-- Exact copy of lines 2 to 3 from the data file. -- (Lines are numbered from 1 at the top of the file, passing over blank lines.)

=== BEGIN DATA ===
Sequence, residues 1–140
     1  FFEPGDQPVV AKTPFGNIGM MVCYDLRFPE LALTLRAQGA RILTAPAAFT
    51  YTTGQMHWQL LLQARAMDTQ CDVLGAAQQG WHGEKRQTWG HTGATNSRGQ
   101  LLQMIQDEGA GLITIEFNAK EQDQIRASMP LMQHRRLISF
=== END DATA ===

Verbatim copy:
     1  FFEPGDQPVV AKTPFGNIGM MVCYDLRFPE LALTLRAQGA RILTAPAAFT
    51  YTTGQMHWQL LLQARAMDTQ CDVLGAAQQG WHGEKRQTWG HTGATNSRGQ